JAMES: Exactly. If you can enforce it programmatically, you're going to get aesthetics as well. And the other thing is if you're putting text inside a block, you need to turn off the first child's top margin and the last child's bottom margin. This is wrong because this is going to create too much space. So you have to automatically disable the top and bottom margins because we have on our -- what is this? H4? We have 36 pixels on top of it. But if you keep that, your rhythm is going to be all crazy because you're going to have the 36 pixels up here, and it's going to overlap. You're going to create extra space. So you have to turn that top and bottom margin off for your first and last. Again, doing that programmatically is going to be the best bet because you're editors won't be able to screw it up.
JASON: Exactly right. I think one of the big pieces that is really challenging with this is as engineers, we are -- like, we have a tendency toward configuration. And we think to ourselves, well, somebody might need that. So I'll just add a switch for it. You know, let them set that to true if they need that margin. Or margin collapse true. Something like that. You start making all these configurations, but when you hand this to an editor and they open the page and it's just a thousand check boxes, they're like I'm just not going to use this. Immediate overwhelm. Or worse, they just start checking buttons and they're not 100% sure what they do. Then they don't go back to a default so it just ends up being kind of messy. Or each one -- this is always my favorite. Each one adopts their own signature style, as all of white house have received an email that was clearly edited to use, like, Comic Sans or something. Ah, I see you found the font setting in your email editor, right. You don't want your CMS to have that same option, where somebody can be like, well, I want every page I write to have a signature style.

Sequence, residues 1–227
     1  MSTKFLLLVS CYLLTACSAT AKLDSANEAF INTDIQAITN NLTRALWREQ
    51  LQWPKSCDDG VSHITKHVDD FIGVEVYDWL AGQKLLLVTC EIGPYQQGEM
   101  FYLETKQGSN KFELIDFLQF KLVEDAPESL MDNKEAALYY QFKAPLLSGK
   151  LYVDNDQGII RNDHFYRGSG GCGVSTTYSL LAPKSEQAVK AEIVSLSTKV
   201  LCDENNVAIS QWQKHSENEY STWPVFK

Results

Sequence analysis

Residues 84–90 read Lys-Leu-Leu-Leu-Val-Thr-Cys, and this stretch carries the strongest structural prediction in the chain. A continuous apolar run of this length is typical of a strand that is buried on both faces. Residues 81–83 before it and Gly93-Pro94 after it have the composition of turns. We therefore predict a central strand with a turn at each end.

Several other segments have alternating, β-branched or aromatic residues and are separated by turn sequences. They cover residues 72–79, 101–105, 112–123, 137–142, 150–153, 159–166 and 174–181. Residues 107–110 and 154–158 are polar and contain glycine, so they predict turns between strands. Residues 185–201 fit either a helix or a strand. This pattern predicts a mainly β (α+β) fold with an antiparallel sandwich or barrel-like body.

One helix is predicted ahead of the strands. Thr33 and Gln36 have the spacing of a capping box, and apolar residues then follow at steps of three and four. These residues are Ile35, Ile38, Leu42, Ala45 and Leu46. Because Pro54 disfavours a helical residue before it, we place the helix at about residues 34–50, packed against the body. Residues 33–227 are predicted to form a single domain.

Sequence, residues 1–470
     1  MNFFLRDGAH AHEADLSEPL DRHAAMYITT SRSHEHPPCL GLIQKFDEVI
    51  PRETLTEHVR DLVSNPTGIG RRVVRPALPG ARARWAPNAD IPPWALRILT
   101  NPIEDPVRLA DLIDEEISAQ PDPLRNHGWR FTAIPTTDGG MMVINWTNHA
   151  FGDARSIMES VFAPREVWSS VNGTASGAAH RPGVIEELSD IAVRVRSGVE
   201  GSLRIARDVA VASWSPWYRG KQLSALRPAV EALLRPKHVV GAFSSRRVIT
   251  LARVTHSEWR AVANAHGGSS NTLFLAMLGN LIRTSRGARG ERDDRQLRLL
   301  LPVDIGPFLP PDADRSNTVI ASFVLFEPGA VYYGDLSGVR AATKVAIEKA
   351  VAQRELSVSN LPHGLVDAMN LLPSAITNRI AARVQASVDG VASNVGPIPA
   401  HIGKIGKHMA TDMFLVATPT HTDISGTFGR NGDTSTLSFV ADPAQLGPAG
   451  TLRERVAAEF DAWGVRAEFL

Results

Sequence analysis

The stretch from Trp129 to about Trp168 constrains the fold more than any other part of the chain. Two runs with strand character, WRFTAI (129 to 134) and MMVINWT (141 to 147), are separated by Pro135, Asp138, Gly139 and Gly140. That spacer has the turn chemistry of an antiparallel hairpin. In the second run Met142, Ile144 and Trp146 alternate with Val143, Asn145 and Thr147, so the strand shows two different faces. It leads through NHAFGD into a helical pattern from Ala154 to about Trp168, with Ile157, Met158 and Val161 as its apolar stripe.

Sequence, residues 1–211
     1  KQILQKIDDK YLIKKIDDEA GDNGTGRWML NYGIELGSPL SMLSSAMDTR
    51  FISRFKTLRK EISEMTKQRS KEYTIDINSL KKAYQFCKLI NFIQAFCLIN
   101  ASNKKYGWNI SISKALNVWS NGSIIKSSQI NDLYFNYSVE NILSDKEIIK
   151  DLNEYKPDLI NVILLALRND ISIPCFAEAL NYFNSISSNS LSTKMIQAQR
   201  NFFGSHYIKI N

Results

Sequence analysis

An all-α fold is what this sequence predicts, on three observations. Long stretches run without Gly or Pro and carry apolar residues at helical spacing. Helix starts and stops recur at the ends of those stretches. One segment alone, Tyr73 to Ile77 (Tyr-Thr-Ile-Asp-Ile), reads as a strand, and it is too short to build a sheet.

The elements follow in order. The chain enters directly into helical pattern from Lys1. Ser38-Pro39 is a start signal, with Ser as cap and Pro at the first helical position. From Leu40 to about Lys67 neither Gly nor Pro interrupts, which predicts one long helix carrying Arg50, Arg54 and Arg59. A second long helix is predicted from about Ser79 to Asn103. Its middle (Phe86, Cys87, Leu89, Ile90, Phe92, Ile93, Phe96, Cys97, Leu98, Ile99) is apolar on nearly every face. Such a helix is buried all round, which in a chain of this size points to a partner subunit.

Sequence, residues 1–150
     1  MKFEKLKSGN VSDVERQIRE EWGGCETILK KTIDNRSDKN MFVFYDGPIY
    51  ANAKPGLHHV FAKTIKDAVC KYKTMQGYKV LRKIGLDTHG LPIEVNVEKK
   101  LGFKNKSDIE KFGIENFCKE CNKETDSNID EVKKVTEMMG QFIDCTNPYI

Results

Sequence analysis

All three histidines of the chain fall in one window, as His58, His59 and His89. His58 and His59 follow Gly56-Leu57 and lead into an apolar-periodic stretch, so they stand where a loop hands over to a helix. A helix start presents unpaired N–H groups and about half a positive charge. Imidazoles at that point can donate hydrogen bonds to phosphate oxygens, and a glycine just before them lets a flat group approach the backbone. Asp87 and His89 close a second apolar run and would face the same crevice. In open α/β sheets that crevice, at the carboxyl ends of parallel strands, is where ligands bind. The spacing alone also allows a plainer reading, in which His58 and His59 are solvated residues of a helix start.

JAMES: I could not have said any of that better myself. You don't know how many times I've built a CMS and I've included the check boxes for, like, turn off top margin, turn off bottom margin. Padding top, medium. Padding top large. Giving them too much control like that is the killer of any good UI. Honestly, even the most power users of your CMS probably don't want that. They probably want it handled for them. So if you can come up with a mindset of building that interior structure, your project is going to be more successful. And that's pretty much like the ethos of what I'm trying to show today.